FIG. 5 illustrates immunohistochemical analysis of prostatic lesions of Nkx3.1; Pten compound mutants. FIG. 5(A-D) illustrates whole mounts of anterior prostates from Nkx3.1;Pten compound mutants at 6 months showing light-dense masses corresponding to ductal carcinoma in situ lesions (arrows). FIG. 5(E-P) illustrates immunohistochemical analysis of formalin-fixed sections of the anterior prostate of Nkx3.1;Pten compound mutants at 6 months of age. FIGS. 5 (E,F) illustrate immunodetection of wide spectrum cytokeratins (polycytokeratin; CK-P), which stains the membrane of normal prostate epithelium (arrow). FIGS. 5 (G,H) illustrate immunodetection of basal cells with CK14, which stains the periphery of the carcinoma in situ lesions of the Nkx3.1−/−;Pten+/− prostate. FIGS. 5 (I,J) illustrate immunodetection of endothelial cells with CD105 (endoglin) showing increased microvascularization (arrows) of the carcinoma in situ lesions of the Nkx3.1+/−;Pten+/− prostate. FIGS. 5(K,L) illustrate immunodetection with K167 antibody shows increased proliferative index in the carcinoma in situ lesions (arrows indicate positive cells). FIGS. 5 (M-P) Immunodetection with anti-mouse Nkx3.1 antisera (Nkx3.1) shows absence of Nkx3.1 staining in the carcinoma in situ lesions (arrows), contrasting with the robust nuclear staining of flanking, unaffected regions. Arrow in (P) shows a mitotic figure in the lesion.

FIG. 6 illustrates the mechanism of Nkx3.1 and Pten cooperativity. FIG. 6 (A,B) illustrates a Southern blot analysis of genomic DNA recovered by laser capture microdissection of Nkx3.1 immunostained sections of ductal carcinoma in situ lesions from Nkx3.1+/−;Pten+/− prostates. FIGS. 6 (C-H) illustrates immunohistochemical analysis of phospho-Akt staining of the anterior prostates from Nkx3.1;Pten compound mutants at 6 months of age, FIGS. 6 (C,D), or Nkx3.1−/− single mutants at 13 months (FIG. 6E), 8 months (FIG. 6F) or 26 months of age (FIG. 6G,H). FIG. 6(C) illustrates low power view shows absence of staining in the wild-type prostate. FIG. 6(D) illustrates robust staining in the ductal carcinoma in situ lesions of the Nkx3.1−/−;Pten+/− prostate. FIG. 6(E) illustrates an example of membrane staining for phospho-Akt in an Nkx3.1−/− prostate. FIG. 6(F-H) illustrates examples of Nkx3.1−/− prostates with clusters of cells showing nuclear phospho-Akt staining. FIG. 6 (I) illustrates a model, the biochemical basis for Nkx3.1 and Pten cooperativity involves their ability to independently regulate Akt activation.

DETAILED DESCRIPTION OF THE INVENTION

The generation of mutant mouse models for investigating oncogenic progression is particularly valuable for understanding human prostate cancer, since little is known about the molecular mechanisms underlying this disease. Here we show that loss of the homeobox gene Nkx3.1 and the lipid phosphatase Pten represent critical steps in a pathway of prostate carcinogenesis, and that the corresponding mutant mice model human prostate cancer. First, we find that Nkx3.1 is a prostate-specific tumor suppressor gene, and that loss-of-function mutant mice display histopathological defects characteristic of prostate cancer initiation in humans. Secondly, Nkx3.1 cooperates with Pten in prostate cancer progression, based on the accelerated formation of lesions resembling ductal carcinoma in situ in compound mutant mice. Thirdly, inactivation of NKX3.1 occurs through loss of protein expression in these mouse lesions as well as in human prostate cancer specimens. Finally, we present evidence that the biochemical mechanism for Nkx3.1 and Pten cooperativity involves their independent activation of Akt (protein kinase B), a key regulator of cell growth and survival. We propose that interactions between tissue-specific regulators and broad-spectrum tumor suppressors underlie the distinct phenotypes of different cancers.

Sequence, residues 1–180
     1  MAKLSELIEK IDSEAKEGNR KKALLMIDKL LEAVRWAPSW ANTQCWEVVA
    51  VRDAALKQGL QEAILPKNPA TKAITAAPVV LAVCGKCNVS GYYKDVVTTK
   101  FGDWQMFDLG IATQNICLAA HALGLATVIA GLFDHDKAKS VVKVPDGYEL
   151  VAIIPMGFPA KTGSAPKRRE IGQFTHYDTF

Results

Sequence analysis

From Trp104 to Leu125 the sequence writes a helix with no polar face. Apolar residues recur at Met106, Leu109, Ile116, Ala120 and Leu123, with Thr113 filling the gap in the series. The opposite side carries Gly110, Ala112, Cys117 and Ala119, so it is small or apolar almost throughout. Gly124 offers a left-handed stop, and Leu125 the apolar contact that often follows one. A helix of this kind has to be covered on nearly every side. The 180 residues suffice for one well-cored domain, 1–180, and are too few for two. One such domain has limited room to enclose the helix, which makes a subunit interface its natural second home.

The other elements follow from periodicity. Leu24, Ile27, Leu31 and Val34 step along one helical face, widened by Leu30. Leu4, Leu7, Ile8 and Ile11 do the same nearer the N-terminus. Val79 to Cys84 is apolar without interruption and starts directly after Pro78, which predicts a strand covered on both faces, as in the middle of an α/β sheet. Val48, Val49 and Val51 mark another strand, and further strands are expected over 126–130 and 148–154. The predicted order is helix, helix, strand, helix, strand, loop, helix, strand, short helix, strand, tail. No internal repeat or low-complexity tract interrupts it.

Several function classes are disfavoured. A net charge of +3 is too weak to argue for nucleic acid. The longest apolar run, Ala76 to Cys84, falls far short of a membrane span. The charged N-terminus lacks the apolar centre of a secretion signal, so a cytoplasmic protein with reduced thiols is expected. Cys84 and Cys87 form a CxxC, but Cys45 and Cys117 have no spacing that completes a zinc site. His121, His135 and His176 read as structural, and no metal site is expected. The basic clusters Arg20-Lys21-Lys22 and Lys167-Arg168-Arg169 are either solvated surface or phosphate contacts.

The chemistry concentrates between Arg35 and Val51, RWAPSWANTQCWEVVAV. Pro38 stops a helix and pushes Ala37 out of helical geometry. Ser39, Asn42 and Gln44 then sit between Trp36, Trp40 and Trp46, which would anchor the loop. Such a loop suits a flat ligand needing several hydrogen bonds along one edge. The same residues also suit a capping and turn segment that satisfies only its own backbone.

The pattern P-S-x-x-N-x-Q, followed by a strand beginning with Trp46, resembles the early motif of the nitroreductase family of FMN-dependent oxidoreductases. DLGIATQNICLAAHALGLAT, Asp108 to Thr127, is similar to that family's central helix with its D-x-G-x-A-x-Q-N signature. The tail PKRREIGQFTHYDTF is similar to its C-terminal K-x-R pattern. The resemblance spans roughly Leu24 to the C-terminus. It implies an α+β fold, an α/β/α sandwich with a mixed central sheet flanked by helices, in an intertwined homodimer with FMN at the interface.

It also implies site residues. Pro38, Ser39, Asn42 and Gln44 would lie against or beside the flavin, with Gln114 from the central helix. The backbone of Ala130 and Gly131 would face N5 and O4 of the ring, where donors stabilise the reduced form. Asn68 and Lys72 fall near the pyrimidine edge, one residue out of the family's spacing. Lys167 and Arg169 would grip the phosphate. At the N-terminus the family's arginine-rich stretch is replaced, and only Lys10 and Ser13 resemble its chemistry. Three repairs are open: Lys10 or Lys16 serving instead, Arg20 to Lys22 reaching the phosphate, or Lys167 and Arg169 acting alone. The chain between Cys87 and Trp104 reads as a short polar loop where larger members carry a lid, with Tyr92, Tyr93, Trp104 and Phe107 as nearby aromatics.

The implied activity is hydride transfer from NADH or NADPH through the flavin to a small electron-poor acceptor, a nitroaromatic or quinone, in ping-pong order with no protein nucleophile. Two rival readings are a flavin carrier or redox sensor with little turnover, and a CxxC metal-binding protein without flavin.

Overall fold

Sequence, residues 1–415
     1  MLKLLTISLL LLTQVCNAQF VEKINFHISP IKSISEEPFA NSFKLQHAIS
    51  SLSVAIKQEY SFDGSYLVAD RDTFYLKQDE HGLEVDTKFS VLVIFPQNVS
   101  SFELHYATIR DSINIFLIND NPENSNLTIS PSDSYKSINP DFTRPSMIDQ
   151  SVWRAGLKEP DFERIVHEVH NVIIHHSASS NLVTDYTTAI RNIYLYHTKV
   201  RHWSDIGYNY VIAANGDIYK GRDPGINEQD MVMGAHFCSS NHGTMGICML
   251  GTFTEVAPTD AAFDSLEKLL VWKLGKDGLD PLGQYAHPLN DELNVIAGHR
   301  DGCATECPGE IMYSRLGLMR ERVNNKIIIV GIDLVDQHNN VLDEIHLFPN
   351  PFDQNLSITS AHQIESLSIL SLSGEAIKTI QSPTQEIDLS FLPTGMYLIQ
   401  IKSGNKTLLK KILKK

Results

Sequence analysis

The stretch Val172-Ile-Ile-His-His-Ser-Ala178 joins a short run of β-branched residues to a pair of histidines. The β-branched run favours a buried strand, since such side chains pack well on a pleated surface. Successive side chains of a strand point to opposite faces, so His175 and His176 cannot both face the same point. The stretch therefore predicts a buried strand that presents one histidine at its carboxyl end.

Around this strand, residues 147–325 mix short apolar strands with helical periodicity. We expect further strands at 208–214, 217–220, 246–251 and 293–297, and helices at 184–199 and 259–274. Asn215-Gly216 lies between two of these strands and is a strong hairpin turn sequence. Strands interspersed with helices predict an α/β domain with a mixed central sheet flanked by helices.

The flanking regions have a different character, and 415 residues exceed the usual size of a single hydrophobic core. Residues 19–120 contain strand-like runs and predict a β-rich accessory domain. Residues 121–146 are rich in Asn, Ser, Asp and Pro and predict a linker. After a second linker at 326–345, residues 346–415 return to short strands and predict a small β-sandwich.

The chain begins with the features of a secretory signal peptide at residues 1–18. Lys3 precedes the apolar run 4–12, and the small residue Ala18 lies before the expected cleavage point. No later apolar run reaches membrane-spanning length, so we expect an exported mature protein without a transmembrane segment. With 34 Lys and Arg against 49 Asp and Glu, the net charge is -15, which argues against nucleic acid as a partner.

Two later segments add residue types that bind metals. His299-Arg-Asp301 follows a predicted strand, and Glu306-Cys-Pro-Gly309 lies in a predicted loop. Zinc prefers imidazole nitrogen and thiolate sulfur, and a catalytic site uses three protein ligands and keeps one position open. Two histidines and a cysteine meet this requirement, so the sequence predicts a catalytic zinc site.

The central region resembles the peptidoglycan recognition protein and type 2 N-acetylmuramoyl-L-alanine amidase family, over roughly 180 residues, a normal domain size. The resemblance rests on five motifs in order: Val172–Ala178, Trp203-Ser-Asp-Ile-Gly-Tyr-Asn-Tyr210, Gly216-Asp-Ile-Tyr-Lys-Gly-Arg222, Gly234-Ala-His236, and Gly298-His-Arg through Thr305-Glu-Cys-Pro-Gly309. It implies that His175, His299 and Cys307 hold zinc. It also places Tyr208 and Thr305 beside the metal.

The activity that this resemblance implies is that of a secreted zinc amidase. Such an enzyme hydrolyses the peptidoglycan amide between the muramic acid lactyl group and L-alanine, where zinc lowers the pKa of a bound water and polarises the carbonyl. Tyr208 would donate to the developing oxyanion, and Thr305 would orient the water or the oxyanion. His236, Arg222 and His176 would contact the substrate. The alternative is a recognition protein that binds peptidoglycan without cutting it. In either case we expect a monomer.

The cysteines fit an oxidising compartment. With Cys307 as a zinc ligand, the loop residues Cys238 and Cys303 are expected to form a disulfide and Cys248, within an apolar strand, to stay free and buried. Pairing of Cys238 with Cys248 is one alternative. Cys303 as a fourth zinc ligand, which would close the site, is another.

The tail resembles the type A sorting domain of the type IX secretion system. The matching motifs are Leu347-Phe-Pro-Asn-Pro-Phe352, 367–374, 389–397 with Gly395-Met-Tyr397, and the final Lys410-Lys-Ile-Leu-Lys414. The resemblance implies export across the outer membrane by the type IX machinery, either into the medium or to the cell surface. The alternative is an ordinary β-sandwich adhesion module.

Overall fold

Results

Tumor Suppressor Activities of Nkx3.1

Since the ability of Nkx3.1 to function as a tumor suppressor gene has not been previously evaluated, we assessed its effects on growth and tumorigenicity of prostate carcinoma cell lines. To misexpress Nkx3.1, we employed retroviral gene transfer using a derivative of pLZRS24 that contains IRES-GFP sequences, and enriched for GFP-expressing cells by flow cytometry. Following cell sorting, greater than 95% of the cells expressed GFP as well as high levels of Nkx3.1 protein (FIG. 1A and data not shown). We compared the activity of Nkx3.1 to that of a mutated derivative, Nkx3.1(L-S), containing a substitution of a conserved residue in the homeodomain. The resulting mutant protein is stable and localizes to the nucleus (as does wild-type Nkx3.1), but is inactive in DNA-binding and transcription assays (P. Sciavolino and C. A.-S., unpublished observations).

We examined the consequences of Nkx3.1 misexpression using human (PC3) and rodent (AT6) prostate carcinoma cell lines that do not express endogenous Nkx3.1 (FIG. 1A)25,26. These results showed that misexpression of Nkx3.1, but not Nkx3.1(L-S), resulted in a 73% reduction in cellular proliferation in AT6 cells and a 59% reduction in PC3 cells (FIG. 1B). We also found that misexpression of Nkx3.1 resulted in 58% reduction in anchorage-independent growth of AT6 cells (p<0.05) (FIG. 1C,D). Moreover, Nkx3.1-expressing AT6 and PC3 cells displayed decreased tumor growth in nude mice of 47% or 59%, respectively (p<0.01) (FIG. 1E). Similar results were obtained in all assays using a human NKX3.1 retrovirus, as well as stable tetracycline-inducible cell lines expressing mouse or human NKX3.1 (data not shown). These tumor suppressor activities of Nkx3.1 in cell culture and nude mice are consistent with the observation that Nkx3.1 mutant mice display increased proliferation of prostatic epithelium 9.

Loss of NKX3.1 Protein in Human PIN and Prostate Cancer